Many crazy journeys have been made in pursuit of science. None equal the sheer madness of the one taken to Cape Crozier in the middle of a night-black Antarctic winter.
One hundred years ago three men, in the name of science, went in search of an egg. The conditions were horrendous, the men nearly died, the outcome was apparently of no use to science and the whole crazy affair dropped from view and was largely forgotten.
This story is about redemption.
On 27 June 1911, just after mid-winter, Edward Wilson, ‘Birdie’ Bowers and Apsley Cherry-Garrard pushed out of their hut at Cape Evans into the eternal night of Antarctica dragging two heavy sleds piled with supplies. Their goal was the emperor penguin rookery at Cape Crozier, 107 kilometres away, in pitch darkness, across some of the most nightmarish terrain in the world. Nobody before them had dared to travel in the winter blizzards of Antarctica.
This was a journey for science. It was thought that the embryos of emperor penguin, creatures just recently discovered, might indicate a reptilian origin of birds.
The temperature was -44° Celsius. By the time the egg party camped that ‘night’ it was -49° and three days later had dropped to a mind-numbing -77°. At those temperatures trekking became bizarre. Their clothes froze until not even two men could bend them into the required shape. ‘Once outside,’ wrote Cherry-Garrard, ‘I raised my head to look round and found I could not move it back. My clothing had frozen hard as I stood—perhaps for 15 seconds. For four hours I had to pull with my head stuck up. From that time we all took care to bend down into a pulling position before being frozen in.’
Their sleeping bags turned to ice around them as they slept and getting in or out took hours, thawing them bit by bit over the Primus stove. ‘The day’s march,’ recalled Cherry-Garrard, ‘was bliss compared to the night’s rest and both were awful.’
They steered by Jupiter, which provided just enough light to avoid some crevasses – but not all. Often they fell in. ‘The ice bridge gave way and down I went,’ he wrote of one such incident. ‘Fortunately our sledge harness is made with a view to resisting this sort of thing and there I hung with the bottomless pit below and the ice-crusted sides alongside.’ He was hauled out and they continued.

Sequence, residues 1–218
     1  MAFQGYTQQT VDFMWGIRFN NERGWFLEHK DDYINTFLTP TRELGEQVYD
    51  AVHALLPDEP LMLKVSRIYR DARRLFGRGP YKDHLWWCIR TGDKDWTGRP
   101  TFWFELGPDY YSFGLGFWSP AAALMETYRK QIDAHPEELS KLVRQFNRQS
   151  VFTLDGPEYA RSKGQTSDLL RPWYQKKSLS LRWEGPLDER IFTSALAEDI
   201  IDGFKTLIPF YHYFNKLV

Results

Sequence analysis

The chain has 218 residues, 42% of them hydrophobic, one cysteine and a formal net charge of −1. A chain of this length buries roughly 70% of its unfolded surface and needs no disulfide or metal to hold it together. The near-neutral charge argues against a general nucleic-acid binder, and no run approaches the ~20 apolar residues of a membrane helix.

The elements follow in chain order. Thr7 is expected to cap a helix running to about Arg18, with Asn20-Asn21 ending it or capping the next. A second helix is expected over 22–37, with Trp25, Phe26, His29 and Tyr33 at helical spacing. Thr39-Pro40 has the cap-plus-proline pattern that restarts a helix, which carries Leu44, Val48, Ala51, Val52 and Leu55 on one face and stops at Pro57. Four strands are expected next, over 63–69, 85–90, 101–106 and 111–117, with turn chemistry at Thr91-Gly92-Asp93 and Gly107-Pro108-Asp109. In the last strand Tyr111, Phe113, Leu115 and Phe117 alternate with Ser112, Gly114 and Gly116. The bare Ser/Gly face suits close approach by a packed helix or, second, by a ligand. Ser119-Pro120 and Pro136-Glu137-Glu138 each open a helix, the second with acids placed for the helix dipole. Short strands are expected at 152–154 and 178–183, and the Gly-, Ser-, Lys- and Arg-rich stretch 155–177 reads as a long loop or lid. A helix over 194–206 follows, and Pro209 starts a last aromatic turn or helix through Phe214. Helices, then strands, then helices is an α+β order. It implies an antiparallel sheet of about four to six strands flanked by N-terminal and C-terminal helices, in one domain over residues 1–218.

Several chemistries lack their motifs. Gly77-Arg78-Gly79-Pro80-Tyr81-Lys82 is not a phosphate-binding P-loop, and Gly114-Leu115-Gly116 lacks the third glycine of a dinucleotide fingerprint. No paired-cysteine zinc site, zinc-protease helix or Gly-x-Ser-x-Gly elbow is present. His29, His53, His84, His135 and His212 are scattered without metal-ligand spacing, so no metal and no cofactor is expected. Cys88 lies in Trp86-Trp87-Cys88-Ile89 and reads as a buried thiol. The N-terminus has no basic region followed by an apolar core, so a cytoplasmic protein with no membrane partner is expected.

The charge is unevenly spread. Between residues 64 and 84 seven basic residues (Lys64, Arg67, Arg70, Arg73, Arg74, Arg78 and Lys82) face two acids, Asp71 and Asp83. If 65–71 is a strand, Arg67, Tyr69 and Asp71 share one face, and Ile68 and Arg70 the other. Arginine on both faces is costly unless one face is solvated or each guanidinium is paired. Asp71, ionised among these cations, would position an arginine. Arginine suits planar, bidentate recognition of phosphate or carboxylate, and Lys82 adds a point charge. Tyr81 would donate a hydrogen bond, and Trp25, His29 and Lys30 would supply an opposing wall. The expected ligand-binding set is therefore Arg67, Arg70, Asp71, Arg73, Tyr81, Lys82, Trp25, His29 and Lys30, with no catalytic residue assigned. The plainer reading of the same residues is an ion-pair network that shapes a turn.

When they reached Cape Crozier they had to abseil down an ice cliff to get to the penguins. They gathered five eggs from the outraged birds, but two broke on the way back up. While huddled in a hastily erected igloo at the foot of Mount Terror, a hurricane carried away their tent and they lay for days without food as snow piled on top of them. ‘I have never heard or felt or seen a wind like this,’ wrote Cherry-Garrard. ‘I wondered why it did not carry away the Earth.’ They sang songs and told jokes. They drank snow. When the wind abated, they found the tent – a miracle indeed in that terrain and a death warrant had they not.
Their fuel supply – and therefore their ability to cook and get warm – was running out on the way back. It was a race against time by three men too weary to do more than plod in hope. But finally they made it and stopped, staring at the door of the Cape Evans hut. It opened and someone shouted: ‘Good God! Here’s the Crozier party.’